While this discovery was presumably greeted by relief within the rabbit community, horseshoe crabs and their fans were somewhat less than thrilled, especially when another Woods Hole researcher quickly established a biomedical company that began extracting horseshoe crab blood on an industrial scale. Three more such companies soon sprang up along the Atlantic coast, turning the production of LAL into a multimillion-dollar industry. As a result, today nearly half a million horseshoe crabs are hauled out of the water each year, many during spawning season. Most are transported to industrial-sized lab facilities, not in tanks of cold salt water, but in the back of open pickup trucks. Upon arrival, the crabs encounter teams of mask- and gown-clad workers, who scrub them with disinfectant, bend their hinged shells in half (“the abdominal flexure position”), and strap them to long metal tables, assembly line–style. Large-gauge syringes are then inserted directly into the horseshoe crabs’ hearts. The blood, blue-tinted and with the consistency of milk, drips down into glass collecting bottles. And in a move that that would make Count Dracula envious, the collection continues until the blood stops flowing, usually when around 30 percent of it has been drained.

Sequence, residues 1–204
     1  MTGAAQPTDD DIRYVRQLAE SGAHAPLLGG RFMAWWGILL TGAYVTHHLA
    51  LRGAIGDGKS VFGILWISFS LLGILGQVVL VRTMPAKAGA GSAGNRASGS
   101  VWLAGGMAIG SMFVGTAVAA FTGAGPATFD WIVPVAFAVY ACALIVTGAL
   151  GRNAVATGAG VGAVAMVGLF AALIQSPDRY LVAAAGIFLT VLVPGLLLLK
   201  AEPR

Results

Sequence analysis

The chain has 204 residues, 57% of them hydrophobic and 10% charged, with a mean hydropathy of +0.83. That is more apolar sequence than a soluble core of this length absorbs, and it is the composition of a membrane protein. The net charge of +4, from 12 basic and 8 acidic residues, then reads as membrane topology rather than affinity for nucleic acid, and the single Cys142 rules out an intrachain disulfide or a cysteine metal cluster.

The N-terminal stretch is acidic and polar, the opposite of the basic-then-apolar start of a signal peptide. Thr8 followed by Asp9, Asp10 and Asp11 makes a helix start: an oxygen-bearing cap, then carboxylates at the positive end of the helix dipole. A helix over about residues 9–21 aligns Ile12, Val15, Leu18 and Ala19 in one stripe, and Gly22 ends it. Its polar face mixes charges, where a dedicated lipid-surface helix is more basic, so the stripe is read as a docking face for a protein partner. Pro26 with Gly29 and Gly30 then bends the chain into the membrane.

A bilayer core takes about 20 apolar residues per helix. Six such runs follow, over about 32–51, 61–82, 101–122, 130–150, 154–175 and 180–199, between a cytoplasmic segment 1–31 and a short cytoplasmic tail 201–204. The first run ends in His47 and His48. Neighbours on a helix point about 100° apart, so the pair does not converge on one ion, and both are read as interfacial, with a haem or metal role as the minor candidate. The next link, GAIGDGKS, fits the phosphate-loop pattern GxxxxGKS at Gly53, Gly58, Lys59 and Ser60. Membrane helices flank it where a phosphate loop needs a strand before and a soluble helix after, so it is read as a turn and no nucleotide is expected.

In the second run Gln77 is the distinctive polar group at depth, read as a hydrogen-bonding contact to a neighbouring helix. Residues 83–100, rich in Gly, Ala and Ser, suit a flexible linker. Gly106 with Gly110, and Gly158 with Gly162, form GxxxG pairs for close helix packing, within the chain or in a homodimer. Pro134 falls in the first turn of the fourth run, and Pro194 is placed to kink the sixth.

In theory at least, the horseshoe crabs are supposed to survive their ordeal, and once bled, by law they must be returned to the approximate area where they were collected. But according to Plymouth State University neurobiologist, Chris Chabot, an estimated 20 to 30 percent of the crabs die during the roughly seventy-two hours from collection to bleeding to return.
“It’s significant that the gill-breathing crabs are held out of the water for the entire time,” Chabot told Leslie and me. We were visiting the scientist and his colleague, zoologist Win Watson, at the University of New Hampshire’s Jackson Estuarine Laboratory.
Also of potential significance, Chabot explained, is the fact that no one knows whether previously bled specimens suffer any short- or long-term effects after being returned to the water—or even whether they survive. (The Atlantic States Marine Fisheries Commission [ASMFC] has been formally managing horseshoe crab populations since 1998, but various policies have hampered its ability to access mortality rate numbers in horseshoe crabs harvested for biomedical companies.) With this in mind, Chabot and his research team have been trying to determine the effect that the harvesting process has on horseshoe crabs once they are returned to the water. To do this, he and his students collected a small number of specimens and subjected them to conditions mimicking those the crabs face during encounters with the biomedical industry.
Chabot and his students observed listlessness and disorientation in their subjects, which they hypothesized was due in part to the fact that after bleeding, the crab’s body can’t deliver as much oxygen as it requires. “It takes weeks to replenish the amoebocytes and the hemocyanin they’ve lost,” he told us.
Chabot also explained that with many of their protective amoebocytes being lysed in a test tube somewhere, things like wound repair and a return to environments infested with gram-negative bacteria made for a pretty grim outlook for those horseshoe crabs headed home after a long day on the assembly line.